(R. 17-1, at ¶ 21 & Ex. H.)On July 16, 2007, Gorenyuk filed an amended petition. (Id. at ¶ 22 & Exhibit A; R. 11-1, 12-1.)
Before turning to the substance of this motion, the Court must address a jurisdictional issue not raised by the parties. Under 8 U.S.C. § 1447(b), an applicant may petition a district court for review only if the USCIS failed to make a decision on his application within 120 days of his examination. In this case, the USCIS did not make a determination within 120 days of Gorenyuk's examination. Gorenyuk, however, did not initially seek this Court's review pursuant to 8 U.S.C. § 1447(b). Rather, Gorenyuk waited until after the USCIS issued its Initial Decision (outside of the 120-day window) and then sought an Administrative Appeal of the USCIS's Initial Decision, pursuant to 8 U.S.C. § 1447(a). It was only after Gorenyuk sought the Administrative Appeal that he petitioned this Court for review pursuant to 8 U.S.C. § 1447(b). In other words, Gorenyuk attempted to petition this Court for review of the Initial Decision while the Appellate Appeal was still pending. The Court is thus presented with the question of whether a naturalization applicant may invoke a district court's review of his application pursuant to § 1447(b) after the applicant has invoked § 1447(a). The clear statutory scheme dictates that he may not.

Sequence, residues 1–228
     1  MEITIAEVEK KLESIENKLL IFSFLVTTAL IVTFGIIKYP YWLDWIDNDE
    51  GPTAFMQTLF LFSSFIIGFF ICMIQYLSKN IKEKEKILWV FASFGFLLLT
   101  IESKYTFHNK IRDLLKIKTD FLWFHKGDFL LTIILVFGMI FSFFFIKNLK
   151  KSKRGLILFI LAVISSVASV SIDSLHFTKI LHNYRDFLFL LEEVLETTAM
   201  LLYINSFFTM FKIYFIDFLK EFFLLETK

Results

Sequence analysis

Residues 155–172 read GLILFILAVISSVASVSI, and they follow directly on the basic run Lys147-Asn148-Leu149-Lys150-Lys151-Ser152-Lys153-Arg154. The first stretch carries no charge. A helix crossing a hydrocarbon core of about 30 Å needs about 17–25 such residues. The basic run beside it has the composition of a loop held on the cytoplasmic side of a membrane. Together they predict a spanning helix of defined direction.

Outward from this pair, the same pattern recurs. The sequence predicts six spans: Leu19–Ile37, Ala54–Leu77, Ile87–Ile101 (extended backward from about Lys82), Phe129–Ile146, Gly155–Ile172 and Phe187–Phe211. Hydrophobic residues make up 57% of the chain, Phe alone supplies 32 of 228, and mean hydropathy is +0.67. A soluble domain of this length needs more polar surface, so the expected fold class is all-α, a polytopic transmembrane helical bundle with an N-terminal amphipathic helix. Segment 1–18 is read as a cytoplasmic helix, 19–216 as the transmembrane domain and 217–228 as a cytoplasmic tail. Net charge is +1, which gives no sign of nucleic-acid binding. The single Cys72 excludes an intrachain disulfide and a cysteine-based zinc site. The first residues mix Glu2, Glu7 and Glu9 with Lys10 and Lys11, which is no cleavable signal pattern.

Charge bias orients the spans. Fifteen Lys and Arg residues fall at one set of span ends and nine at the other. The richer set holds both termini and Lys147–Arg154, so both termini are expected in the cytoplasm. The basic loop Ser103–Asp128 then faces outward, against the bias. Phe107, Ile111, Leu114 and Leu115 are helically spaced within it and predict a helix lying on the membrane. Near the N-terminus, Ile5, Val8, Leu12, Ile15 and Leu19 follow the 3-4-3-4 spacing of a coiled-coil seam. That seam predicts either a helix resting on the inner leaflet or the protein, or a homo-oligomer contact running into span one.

The Court's analysis begins with the language of the statute. Robinson v. Shell Oil Co., 519 U.S. 337, 340, 117 S.Ct. 843, 136 L.Ed. 2d 808 (1997). Title 8 U.S.C. § 1447(b) states: if there is a failure to make a determination under section 1446 of this title before the end of the 120-day period after the date on which the examination is conducted under such section, the applicant may apply to the United States district court for the district in which the applicant resides for a hearing on the matter. Such court has jurisdiction over the matter and may either determine the matter or remand the matter, with appropriate instructions, to the Service to determine the matter.